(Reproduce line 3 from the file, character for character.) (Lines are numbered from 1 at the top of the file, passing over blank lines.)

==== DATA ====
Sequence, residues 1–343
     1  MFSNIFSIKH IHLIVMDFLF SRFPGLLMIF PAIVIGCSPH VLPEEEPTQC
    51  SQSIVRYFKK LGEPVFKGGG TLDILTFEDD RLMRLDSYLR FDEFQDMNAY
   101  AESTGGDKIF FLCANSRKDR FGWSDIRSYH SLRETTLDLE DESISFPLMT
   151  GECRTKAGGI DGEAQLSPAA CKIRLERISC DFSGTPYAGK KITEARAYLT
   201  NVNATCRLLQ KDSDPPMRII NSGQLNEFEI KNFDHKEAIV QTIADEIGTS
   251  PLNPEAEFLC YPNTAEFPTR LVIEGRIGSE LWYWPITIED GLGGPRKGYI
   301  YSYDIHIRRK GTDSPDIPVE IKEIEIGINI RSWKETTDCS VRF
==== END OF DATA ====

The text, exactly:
    51  SQSIVRYFKK LGEPVFKGGG TLDILTFEDD RLMRLDSYLR FDEFQDMNAY